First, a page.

The Institute for Government's report studies the role of parliament in the process of making major public appointments such as the Governor of the Bank of England, the Chair of the BBC Trust and the Chief Inspector of Schools.
Based on over 30 interviews with MPs, officials and experts, it sets out a package of 15 recommendations for reform of the current systems, proposing in particular an "effective veto power" of around 25 top-tier public appointments.
Balancing Act proposes that if a select committee has concerns about a government appointment, the minister should be required to appear in front of them to explain his or her decision. If still dissatisfied, the committee could then refer the issue to the House for resolution.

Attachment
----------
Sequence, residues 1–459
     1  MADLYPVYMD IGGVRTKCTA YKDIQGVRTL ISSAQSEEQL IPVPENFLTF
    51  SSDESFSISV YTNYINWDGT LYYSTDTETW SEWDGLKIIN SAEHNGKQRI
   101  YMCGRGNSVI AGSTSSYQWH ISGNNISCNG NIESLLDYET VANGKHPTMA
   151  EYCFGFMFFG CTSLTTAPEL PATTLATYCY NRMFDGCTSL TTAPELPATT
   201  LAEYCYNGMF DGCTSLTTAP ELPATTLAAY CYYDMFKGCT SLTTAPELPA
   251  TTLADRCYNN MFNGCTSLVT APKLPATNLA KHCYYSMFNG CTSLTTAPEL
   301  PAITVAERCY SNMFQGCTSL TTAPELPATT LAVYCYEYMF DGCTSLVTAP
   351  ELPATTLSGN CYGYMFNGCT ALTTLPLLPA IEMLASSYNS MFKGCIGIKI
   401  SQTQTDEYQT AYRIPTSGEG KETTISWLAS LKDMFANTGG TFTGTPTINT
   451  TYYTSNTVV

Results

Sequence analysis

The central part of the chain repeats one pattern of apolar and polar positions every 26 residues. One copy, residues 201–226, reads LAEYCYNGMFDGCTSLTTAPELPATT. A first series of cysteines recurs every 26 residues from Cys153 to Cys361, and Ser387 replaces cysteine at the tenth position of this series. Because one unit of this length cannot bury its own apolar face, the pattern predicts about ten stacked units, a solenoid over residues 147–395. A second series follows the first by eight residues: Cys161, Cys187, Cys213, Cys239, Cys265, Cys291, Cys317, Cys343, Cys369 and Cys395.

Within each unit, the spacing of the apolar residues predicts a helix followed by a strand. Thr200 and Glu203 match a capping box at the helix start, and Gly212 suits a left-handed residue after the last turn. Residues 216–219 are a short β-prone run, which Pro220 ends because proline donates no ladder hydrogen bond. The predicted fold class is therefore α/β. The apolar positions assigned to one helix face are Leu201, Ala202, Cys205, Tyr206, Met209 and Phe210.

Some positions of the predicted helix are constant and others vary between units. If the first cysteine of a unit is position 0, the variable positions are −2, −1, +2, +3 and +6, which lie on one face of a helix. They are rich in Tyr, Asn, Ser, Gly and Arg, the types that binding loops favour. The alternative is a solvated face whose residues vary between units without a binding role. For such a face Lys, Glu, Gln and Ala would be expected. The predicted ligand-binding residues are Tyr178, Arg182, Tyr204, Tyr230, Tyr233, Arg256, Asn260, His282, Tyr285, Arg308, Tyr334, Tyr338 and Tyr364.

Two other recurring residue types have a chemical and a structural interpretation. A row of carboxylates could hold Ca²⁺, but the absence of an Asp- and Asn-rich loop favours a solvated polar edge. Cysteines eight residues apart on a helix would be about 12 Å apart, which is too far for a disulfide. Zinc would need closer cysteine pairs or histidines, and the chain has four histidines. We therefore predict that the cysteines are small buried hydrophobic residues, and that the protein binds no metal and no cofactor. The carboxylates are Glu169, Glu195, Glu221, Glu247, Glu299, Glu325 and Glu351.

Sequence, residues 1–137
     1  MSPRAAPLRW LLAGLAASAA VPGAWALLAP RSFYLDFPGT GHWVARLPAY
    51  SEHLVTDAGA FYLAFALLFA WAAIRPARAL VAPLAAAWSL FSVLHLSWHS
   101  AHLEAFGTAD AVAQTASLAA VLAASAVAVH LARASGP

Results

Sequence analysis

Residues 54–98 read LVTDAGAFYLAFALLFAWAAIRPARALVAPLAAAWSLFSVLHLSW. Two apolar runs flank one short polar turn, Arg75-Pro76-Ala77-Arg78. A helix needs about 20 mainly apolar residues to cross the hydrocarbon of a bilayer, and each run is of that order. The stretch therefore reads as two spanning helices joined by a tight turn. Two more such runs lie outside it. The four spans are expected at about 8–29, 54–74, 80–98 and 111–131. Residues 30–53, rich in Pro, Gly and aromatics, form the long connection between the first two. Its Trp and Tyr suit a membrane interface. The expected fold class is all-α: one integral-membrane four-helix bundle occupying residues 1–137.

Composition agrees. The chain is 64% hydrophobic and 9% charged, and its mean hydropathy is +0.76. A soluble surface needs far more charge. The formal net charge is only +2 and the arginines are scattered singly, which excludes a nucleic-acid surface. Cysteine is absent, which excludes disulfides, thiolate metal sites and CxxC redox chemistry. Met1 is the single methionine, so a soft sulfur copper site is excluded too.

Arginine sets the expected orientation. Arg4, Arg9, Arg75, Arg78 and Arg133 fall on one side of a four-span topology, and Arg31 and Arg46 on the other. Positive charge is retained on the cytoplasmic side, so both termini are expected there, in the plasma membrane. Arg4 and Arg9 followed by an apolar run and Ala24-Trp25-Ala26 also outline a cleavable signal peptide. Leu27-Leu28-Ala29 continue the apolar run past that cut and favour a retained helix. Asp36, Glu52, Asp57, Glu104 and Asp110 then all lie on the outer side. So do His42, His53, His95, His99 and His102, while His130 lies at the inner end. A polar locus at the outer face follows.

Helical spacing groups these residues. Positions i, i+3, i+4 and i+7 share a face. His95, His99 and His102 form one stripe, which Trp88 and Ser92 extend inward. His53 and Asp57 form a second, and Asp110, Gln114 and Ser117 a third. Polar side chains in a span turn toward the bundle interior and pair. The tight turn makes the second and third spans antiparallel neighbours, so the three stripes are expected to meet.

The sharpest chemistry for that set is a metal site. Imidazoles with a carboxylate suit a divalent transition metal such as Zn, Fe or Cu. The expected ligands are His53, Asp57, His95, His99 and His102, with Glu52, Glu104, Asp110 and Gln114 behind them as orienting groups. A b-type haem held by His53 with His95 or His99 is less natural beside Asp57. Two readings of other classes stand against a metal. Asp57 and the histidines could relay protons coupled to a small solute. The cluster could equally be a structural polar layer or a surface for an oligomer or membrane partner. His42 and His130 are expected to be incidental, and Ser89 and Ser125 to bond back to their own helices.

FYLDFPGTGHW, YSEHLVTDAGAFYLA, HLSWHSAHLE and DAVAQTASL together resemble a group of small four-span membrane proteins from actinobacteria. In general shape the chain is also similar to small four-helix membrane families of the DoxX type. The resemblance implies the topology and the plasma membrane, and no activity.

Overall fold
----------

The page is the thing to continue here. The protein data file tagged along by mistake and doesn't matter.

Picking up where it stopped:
We also suggest that committees should be consulted over the job specifications of major public jobs before the recruitment process commences, and that they should be given the opportunity to question nominees for chairs of major public inquiries.
Launching the report, the Institute's Director, Andrew Adonis, said, "The credibility and authority of these positions depends on their distance from ministers. In a parliamentary democracy, effective parliamentary scrutiny and accountability are vital to the legitimacy of government. Our proposals, which build on existing good practice, will serve to enhance that legitimacy."